Under the right circumstances, just about any electric appliance can be a fire hazard. Lately, electric toasters are falling into that category.
Joni, of Cleveland, Ohio, suffered a house fire about a year ago. Once repairs had been made she received a Black & Decker toaster as a house-warming gift.
“Put a pita bread in it yesterday and set the timer for 10 minutes,” Joni wrote in a ConsumerAffairs post. “Went to the bathroom and when I came out the thing was on fire. From all these posts, I don't think this is an isolated incident.”
An anonymous consumer from Edgewater, Md., posting under the name “Visitor,” reports having the problem more than once.
“My husband and I had one several years ago,” she writes. “It caught on fire, so we complained and took the free replacement. That one caught on fire and we took another free replacement. That one I left in the basement for a long time before being brave enough to try again. Guess what? That one caught on fire also. These were different models and each had the same problem. I give up. These are dangerous and need to be recalled.”
Black & Decker toasters aren't the only ones triggering complaints about fire hazards. Stacie, of Vancouver, British Columbia, reports purchasing a Kenmore toaster about a year ago.
“Today I went to make some toast, and without any notice, it literally blew up, sparks flying and caught fire in my kitchen,” Stacie posted at ConsumerAffars. “I literally had to unplug it at the chance of getting injured, and while it was on fire run it out to my balcony and run back inside to get pitchers of water to put the flames out. I am very upset.”
In December 2011 Hamilton Beach recalled about 14,000 chrome two-slice toasters because of a potential fire hazard. Safety experts found that when the appliances are plugged into an electrical outlet, the heating element can be energized although the toaster lifter is in the up or off position, which can pose a fire hazard if the toaster is near flammable items. The company said it had received five reports of the toasters causing fires.
Toasters have been around nearly as long as electricity. The first electric toaster was developed in Scotland in 1893. Before that people used metal frames to hold bread in place over a heat source, usually an open fire. Electric toasters replaced fire with heat generated by electric current. Westinghouse developed the first two-sided toaster in 1913.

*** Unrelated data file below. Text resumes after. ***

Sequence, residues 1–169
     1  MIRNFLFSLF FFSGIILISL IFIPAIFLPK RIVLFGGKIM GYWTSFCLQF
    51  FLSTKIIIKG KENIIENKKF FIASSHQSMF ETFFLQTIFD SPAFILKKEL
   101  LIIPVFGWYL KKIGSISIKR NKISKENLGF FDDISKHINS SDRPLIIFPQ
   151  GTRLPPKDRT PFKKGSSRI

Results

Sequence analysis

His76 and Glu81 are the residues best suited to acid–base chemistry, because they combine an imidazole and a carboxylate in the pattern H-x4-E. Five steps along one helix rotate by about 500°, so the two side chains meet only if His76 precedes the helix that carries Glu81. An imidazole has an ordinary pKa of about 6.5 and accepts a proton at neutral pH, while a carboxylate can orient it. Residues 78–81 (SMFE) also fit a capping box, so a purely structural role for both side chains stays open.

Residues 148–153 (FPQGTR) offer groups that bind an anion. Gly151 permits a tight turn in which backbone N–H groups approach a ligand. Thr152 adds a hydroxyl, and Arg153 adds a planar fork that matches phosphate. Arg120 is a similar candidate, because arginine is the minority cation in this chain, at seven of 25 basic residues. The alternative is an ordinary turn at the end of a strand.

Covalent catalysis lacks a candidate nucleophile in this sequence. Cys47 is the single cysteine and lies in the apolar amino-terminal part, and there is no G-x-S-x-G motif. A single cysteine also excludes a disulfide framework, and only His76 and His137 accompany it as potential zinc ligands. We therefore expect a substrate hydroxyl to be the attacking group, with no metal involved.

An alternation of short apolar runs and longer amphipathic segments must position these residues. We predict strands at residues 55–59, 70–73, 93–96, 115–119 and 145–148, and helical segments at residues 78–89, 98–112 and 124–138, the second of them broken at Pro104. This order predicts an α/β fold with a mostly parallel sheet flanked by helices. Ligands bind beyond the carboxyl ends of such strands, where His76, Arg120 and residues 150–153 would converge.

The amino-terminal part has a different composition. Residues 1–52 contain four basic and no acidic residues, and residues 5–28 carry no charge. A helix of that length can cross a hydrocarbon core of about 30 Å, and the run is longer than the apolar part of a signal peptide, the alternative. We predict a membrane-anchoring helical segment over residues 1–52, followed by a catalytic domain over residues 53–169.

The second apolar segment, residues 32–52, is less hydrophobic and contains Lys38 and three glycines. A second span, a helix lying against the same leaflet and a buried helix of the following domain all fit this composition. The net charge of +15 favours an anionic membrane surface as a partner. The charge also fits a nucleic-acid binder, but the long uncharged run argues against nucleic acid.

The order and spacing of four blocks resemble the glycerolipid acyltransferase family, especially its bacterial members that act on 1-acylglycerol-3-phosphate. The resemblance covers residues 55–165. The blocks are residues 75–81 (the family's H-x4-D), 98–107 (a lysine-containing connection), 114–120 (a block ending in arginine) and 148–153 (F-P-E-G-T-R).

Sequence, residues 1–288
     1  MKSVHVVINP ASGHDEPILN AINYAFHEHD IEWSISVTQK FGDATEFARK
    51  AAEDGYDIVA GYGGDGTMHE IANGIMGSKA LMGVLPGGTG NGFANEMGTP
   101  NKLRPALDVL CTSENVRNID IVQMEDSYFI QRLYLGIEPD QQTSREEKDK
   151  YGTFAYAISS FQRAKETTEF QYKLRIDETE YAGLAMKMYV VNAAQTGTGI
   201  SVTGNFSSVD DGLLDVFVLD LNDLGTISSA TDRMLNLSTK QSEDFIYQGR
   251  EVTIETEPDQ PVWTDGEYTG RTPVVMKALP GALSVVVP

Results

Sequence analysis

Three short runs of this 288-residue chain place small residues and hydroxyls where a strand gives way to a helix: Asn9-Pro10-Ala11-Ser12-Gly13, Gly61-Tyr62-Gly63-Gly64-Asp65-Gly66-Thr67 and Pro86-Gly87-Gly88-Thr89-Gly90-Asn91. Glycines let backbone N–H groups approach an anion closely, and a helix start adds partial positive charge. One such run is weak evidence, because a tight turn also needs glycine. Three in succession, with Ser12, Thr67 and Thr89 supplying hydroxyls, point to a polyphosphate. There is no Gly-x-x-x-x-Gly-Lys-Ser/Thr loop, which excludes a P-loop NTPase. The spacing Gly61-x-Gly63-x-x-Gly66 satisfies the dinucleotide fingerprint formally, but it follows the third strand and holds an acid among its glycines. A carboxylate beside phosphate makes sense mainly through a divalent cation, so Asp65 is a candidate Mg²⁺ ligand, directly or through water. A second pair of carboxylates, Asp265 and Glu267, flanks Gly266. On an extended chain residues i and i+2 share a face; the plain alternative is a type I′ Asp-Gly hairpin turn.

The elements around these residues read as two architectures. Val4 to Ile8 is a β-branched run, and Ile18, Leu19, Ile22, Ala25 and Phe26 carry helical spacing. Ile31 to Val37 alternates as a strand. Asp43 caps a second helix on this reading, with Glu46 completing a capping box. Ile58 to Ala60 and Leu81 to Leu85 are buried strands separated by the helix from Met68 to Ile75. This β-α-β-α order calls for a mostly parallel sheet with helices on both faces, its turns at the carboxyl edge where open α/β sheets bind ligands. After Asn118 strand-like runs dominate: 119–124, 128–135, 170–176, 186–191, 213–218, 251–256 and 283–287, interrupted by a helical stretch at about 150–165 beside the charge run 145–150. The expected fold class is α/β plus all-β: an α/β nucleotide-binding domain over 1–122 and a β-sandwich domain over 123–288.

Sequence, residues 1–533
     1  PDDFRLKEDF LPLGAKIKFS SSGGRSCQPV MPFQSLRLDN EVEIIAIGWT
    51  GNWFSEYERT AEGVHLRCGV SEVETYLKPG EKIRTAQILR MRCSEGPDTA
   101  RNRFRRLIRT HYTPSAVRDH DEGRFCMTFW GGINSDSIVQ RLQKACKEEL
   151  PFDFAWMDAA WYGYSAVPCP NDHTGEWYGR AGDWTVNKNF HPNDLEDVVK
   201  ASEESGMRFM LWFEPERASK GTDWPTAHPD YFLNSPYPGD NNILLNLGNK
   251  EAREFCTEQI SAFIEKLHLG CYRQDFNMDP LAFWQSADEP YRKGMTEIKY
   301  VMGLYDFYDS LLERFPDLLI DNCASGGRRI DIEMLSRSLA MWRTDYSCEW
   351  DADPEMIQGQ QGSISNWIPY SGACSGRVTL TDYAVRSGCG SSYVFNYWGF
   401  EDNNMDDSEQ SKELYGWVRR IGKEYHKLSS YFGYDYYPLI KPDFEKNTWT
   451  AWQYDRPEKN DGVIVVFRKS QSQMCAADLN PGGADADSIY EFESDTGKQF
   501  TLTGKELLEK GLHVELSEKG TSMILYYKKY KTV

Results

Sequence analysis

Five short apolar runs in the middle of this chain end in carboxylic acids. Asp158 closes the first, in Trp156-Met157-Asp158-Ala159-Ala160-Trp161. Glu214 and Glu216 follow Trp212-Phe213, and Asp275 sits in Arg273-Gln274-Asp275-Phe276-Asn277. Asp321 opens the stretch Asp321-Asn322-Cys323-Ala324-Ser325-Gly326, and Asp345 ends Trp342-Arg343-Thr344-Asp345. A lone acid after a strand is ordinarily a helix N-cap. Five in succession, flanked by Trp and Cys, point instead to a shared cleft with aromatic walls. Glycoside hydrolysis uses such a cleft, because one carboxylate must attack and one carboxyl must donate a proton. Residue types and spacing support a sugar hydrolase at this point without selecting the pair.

By their nature, toasters can cause fires because of the heat they produce. They are, after all, designed to generate enough heat from electricity to brown pieces of bread placed in the slots. If the electric elements that generate the heat do not turn off on schedule, they can burn the bread.
Problem with crumbs
At the same time, toasted bread is fragile and tends to generate crumbs that often fall to the bottom of the toaster. If these crumbs are allowed to accumulate, they can easily catch fire during normal toaster operation. Most toasters have removable trays for easy cleaning. Consumers should make sure they clean their toasters on a regular basis.
While crumbs might explain some toaster fires, consumers insist others are related to mechanical faults. Several consumers posting at ConsumerAffairs have mentioned that their toaster's timer did not shut off when it was supposed to.
“I was making a piece of toast and I smelled burning,” writes Joya, of Brooklyn, N.Y. “It wasn't toast burn I smelled though, it was the toaster burning. The toast setting had gone to the end of the cycle and didn't turn off. I had to unplug it to get it to shut off. I'm confident that if I hadn't gotten to it in time it would have caught fire.”
What to do
Just to be safe, consumers should probably unplug their toasters when not in use. When using them, it's also a good idea to monitor them and not walk out of the room.
Regular cleaning will also reduce the risk of a fire during normal use. In case of a fire, do not use water to try and put it out. Use a kitchen fire extinguisher or smother the blaze with a heavy towel or blanket.
You don't have a fire extinguisher in your kitchen? You should.
The kitchen is the most dangerous room in the house when it comes to fires, and it's not only objects that can burn. People often set their clothes on fire while cooking -- a life-threatening emergency that requires instant action.
Having a fire extinguisher mounted on the wall or someplace else in plain view is the best hope of meeting such an emergency effectively. Don't put the fire extinguisher in a cabinet or cupboard. It needs to be someplace you can see it and grab it immediately.
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